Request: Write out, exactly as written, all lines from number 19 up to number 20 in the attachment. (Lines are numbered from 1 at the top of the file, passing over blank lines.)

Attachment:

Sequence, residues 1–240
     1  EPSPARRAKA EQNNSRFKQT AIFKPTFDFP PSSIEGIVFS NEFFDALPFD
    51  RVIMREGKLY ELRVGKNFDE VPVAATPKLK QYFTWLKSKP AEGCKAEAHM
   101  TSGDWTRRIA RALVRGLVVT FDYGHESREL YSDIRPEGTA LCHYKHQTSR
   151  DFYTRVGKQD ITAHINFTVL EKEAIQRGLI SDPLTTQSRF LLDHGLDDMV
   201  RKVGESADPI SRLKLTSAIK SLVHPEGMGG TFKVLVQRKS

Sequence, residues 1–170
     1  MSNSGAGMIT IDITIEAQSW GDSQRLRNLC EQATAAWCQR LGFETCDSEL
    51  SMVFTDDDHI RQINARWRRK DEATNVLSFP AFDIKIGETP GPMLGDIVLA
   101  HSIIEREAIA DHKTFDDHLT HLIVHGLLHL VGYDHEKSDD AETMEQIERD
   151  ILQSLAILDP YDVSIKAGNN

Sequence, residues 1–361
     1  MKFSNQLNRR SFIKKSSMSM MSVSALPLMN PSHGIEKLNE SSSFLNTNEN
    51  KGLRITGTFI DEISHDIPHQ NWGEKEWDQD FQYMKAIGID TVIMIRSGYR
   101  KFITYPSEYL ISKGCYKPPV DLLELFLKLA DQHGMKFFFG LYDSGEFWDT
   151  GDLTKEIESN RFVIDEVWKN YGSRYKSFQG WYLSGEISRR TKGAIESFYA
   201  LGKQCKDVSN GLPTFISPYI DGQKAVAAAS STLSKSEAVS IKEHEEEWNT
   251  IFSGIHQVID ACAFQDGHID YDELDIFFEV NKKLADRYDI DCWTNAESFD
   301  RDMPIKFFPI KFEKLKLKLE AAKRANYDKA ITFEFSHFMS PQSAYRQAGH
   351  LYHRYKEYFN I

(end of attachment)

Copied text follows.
   301  RDMPIKFFPI KFEKLKLKLE AAKRANYDKA ITFEFSHFMS PQSAYRQAGH
   351  LYHRYKEYFN I